Hyperinflation, low economic growth, lack of banking access in rural areas, loss of credibility with the authorities and the population – these were just some of many adversities that Brazilian cooperatives had to face in the 1980s and 1990s on a day-to-day basis. Fortunately, the Brazilian cooperative members were able to see the silver lining. They knew that credit unions were an extraordinary opportunity to change lives and regions. Willing to change a daunting fate into a hopeful future, they decided to create local solutions and to learn, grow and exchange experiences with other countries. The cradle of credit cooperatives was in Germany, where there was already existing a much more mature sector with robust structures, from which valuable knowledge could be extracted for the learning and development of Brazilian cooperatives.
The first collaborations materialized with technical visits of Brazilian groups in Germany and through education and training initiatives, which had key figures for a greater collaboration. Two of them being the director of the international department of the DGRV (German Confederation of Cooperatives) at that time as well as the former president of the OCB (Organization of Brazilian Cooperatives). It was not only the information and education that the Brazilian cooperatives lacked, but also a culture, a much more solid and healthy cooperative spirit. These good relations, combined with a vision of cooperation, culminated 1996 in the start of the first DGRV project. Subsidized by the Federal Ministry for Economic Cooperation and Development (BMZ), it was possible to offer technical assistance for the strengthening of a credit cooperative center in the state of Mato Grosso.
The collaboration between the Brazilian and German cooperativists has been very fruitful and many other projects followed for more than a quarter of a century. Currently, credit cooperatives in Brazil have a strong structure with two or three levels (local, regional, national), like in Germany. They have their own deposit protection fund with preventive action, and they can offer their members all kinds of financial services. The regulatory and supervisory body of credit cooperatives, the Central Bank of Brazil (BCB), is a special actor that sees the importance of these cooperatives in the regions where they operate and in the lives of their members and should therefore be safe and viable. On the German side, the exchange of information with institutions of the financial cooperative sector, such as DZ Bank, BaFin, ADG, BVR, regional associations and local cooperative banks is constant and continues to this day. According to OCB’s coordinator of credit cooperatives, Marco Aurelio Almada, Brazilian cooperatives today are in a much stronger position, which is due to the support they have received 25 years ago, as well as to the structure that has been established during this process. Now they can be reciprocal and initiate their own aid projects to support vulnerable cooperatives from other economic sectors or even from other countries. A showcasing example of their gained capacity surfaces when analyzing the total assets of Brazilian credit cooperatives, which represent 50% of all assets of savings and credit cooperatives throughout Latin America. Facts and figures that speak for themselves and that are a testimony of the exceptional collaborative work that has been carried out during all this time. In recent years, cooperation with OCB and SESCOOP has expanded to different sectors, using their expertise in renewable energy cooperatives and agricultural cooperative networks.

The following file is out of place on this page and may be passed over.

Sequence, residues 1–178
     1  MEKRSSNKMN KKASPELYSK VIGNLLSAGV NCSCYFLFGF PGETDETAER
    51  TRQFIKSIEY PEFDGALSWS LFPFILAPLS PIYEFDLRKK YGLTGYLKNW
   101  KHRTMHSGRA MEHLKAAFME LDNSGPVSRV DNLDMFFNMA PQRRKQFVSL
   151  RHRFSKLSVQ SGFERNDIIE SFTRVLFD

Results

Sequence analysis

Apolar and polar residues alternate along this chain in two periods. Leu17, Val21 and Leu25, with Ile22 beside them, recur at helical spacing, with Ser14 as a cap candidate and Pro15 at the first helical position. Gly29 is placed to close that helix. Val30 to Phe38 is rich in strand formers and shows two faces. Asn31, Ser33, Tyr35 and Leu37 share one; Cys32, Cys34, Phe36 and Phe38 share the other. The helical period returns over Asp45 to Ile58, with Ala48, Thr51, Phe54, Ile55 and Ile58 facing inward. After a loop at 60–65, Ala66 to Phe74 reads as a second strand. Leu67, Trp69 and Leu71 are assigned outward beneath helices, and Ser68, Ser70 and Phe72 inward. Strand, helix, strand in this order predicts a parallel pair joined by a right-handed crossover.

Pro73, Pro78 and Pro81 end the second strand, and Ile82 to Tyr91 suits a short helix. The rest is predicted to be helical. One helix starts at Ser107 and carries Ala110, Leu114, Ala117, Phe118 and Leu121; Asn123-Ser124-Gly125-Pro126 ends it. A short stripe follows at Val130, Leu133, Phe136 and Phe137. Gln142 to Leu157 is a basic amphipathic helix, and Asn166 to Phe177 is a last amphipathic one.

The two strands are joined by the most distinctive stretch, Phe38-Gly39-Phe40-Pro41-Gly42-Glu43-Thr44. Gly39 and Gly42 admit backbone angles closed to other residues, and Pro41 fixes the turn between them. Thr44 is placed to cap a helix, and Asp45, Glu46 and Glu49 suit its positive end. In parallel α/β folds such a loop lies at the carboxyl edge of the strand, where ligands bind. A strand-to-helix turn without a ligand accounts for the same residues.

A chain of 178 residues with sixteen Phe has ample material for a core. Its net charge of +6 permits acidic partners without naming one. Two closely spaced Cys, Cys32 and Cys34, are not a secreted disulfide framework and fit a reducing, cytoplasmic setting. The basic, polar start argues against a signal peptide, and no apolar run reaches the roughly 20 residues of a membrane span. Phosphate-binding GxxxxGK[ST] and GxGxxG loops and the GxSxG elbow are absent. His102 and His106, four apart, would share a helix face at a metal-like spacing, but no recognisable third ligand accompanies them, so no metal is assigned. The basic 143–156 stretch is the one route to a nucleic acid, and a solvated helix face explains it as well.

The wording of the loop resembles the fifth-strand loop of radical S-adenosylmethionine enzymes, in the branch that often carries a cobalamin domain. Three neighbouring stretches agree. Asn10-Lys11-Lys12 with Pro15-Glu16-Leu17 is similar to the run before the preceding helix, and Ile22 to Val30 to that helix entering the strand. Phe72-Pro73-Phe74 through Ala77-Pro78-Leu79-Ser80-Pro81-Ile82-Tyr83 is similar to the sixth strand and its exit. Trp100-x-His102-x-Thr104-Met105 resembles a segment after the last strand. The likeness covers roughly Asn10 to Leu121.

Currently a new program, called AceleraCoop, offers consulting and training to support and strengthen agricultural cooperatives in northern Brazil. In this way, it is possible to improve the quality of life of people who, compared to the south, live in a less developed region. Another important area is the production of renewable energy, which offers enormous potential in this country. Together with the OCB, DGRV promotes new energy cooperatives, as well as cooperatives from all sectors to achieve fairer prices and a reduction in environmental impact. Although the challenges sometimes seem insurmountable, there is one certainty that has been continually reaffirmed over the past 25 years: Working together is an opportunity to create a more inclusive and sustainable present for a future in which all of us can flourish.
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